The City of Richmond is assembling a 13-member commission to study ways to add context to the Confederate statues on Monument Avenue. The announcement was made by Richmond Mayor Levar Stoney at a press conference Thursday afternoon at City Hall.
The Monument Avenue Commission, as it will be known, is made up of area leaders from a wide range of perspectives and backgrounds including the American Civil War Museum, the University of Richmond, and the Library of Virginia. They and others will serve alongside hand-picked city staff members.
At the press conference, Mayor Stoney called the Confederate monuments that line the historic roadway “painful,” but didn’t suggest their removal, as cities such as New Orleans and Charlottesville have suggested or already done. He called the monuments a “false narrative” and vowed that the city would soon tell the “real story of Richmond.” Outright removal would currently be illegal under a state law that specifically forbids it.
“It’s our time; it’s our responsibility to set the historical record straight on Monument Avenue’s Confederate statuary, he said in a prepared statement. “Equal parts myth and deception, [the Confederate monuments] were the ‘alternative facts’ of their time – a false narrative etched in stone and bronze more than 100 years ago – not only to lionize the architects and defenders of slavery, but to perpetuate the tyranny and terror of Jim Crow and reassert a new era of white supremacy.”
“It is my belief that without telling the whole story, these monuments have become a default endorsement of that shameful period–one that does a disservice to the principles of racial equality, tolerance, and unity we celebrate as values in ‘One Richmond’ (the Mayoral administration’s slogan of unity) today.”
In addition to adding context to the monuments, which may take the form of plaques and signage that “you might see at a National Park,” as Stoney put it, the Mayor also hopes to see other notable Richmonders added to Monument Avenue. A statue to Richmond tennis legend Arthur Ashe–the most recent addition, unveiled in 1996–is the only non-Confederate statue on the roadway. “I think we should consider what Monument Avenue would look like with a little more diversity,” Stoney continued.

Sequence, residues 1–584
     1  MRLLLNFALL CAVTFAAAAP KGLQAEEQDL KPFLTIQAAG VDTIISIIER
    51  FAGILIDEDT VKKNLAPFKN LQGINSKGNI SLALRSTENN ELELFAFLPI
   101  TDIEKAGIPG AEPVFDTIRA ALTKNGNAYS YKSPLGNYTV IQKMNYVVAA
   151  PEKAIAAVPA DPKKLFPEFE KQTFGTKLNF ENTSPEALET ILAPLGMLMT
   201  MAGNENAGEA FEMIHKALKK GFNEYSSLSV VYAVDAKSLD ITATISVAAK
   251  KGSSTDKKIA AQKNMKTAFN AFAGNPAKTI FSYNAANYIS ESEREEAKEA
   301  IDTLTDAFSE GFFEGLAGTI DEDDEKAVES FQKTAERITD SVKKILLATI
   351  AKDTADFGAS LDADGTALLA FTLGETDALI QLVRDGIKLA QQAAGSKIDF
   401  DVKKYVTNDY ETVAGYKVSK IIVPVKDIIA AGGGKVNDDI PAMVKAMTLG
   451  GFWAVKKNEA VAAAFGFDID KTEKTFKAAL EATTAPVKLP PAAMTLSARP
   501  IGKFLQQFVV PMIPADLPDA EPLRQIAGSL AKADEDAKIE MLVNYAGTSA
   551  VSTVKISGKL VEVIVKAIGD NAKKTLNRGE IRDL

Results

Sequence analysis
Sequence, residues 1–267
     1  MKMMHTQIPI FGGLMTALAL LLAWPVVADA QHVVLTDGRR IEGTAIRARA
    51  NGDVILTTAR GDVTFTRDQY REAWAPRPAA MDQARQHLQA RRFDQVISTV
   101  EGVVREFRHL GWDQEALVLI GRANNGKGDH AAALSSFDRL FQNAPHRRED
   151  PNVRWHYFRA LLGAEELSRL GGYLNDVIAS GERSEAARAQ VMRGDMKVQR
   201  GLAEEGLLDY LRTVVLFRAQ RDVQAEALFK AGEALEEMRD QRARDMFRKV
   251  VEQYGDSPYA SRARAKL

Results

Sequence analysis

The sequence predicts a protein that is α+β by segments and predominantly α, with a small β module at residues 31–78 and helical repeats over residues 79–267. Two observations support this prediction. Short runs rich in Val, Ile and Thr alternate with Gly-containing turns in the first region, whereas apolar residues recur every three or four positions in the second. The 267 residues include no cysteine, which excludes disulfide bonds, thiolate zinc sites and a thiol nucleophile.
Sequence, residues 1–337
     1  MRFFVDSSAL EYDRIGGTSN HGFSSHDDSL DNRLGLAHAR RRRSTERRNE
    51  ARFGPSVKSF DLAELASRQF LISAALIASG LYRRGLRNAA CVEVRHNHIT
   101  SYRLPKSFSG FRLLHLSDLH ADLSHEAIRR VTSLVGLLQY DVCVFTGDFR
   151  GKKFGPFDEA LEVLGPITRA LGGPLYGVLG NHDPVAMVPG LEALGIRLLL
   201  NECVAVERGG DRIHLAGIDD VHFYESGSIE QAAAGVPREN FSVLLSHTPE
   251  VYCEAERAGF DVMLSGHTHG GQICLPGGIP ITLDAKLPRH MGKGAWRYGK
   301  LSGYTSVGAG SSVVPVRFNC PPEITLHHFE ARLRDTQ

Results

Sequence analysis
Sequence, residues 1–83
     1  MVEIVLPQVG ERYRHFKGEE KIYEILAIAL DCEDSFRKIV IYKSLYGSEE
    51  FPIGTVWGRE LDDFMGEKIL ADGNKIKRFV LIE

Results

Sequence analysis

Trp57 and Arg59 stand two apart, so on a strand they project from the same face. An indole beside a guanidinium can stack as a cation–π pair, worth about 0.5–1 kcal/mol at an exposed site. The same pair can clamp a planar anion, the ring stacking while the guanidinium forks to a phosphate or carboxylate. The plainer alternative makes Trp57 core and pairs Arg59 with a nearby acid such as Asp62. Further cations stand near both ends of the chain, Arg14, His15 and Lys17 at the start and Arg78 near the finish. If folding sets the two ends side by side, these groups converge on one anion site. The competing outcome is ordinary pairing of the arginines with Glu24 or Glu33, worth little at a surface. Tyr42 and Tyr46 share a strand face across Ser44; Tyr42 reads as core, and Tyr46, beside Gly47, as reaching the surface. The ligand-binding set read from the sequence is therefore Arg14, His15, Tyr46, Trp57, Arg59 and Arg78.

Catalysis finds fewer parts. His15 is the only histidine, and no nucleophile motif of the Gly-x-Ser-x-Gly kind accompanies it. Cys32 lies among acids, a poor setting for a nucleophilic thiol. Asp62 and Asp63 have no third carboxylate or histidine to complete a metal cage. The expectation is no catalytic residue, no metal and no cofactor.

The commission, Stoney promised, is not, unlike the monuments, “set in stone.” He vowed the 13-member task force would “listen to all perspectives” as part of the process before making official recommendations.
No timeline surrounding the process was released at press time. The full list of area leaders participating in the Monument Avenue Commission is as follows:
- Christy Coleman – CEO, American Civil War Museum
- Gregg Kimball – Director of Education and Outreach, Library of Virginia
- Andreas Addison – 1st District Richmond City Councilman
- Ed Ayers – Author of The Promise of the New South: Life After Reconstruction and In the Presence of Mine Enemies: Civil War in the Heart of America
- Stacy Burrs – Board Member, Black History Museum
- Sarah Driggs – Member, Richmond Public Art Commission
- Kim Gray – 2nd District Richmond City Councilwoman
- Julian Hayter – Historian and Assistant Professor of Leadership Studies, University of Richmond
- Lauranett Lee – Professor, University of Richmond
- Coleen A. Butler Rodriguez – Board of Advisors, Historic Richmond Foundation
- Jon Baliles – Senior Policy Advisor, City of Richmond
- Anedra Bourne – Tourism Director, City of Richmond
- Bobby Vincent – Director, Richmond Department of Public Works
[graphiq id=”2mhmjpOmH9X” title=”Monument Avenue” width=”500″ height=”750″ url=”https://sw.graphiq.com/w/2mhmjpOmH9X” frozen=”true”]
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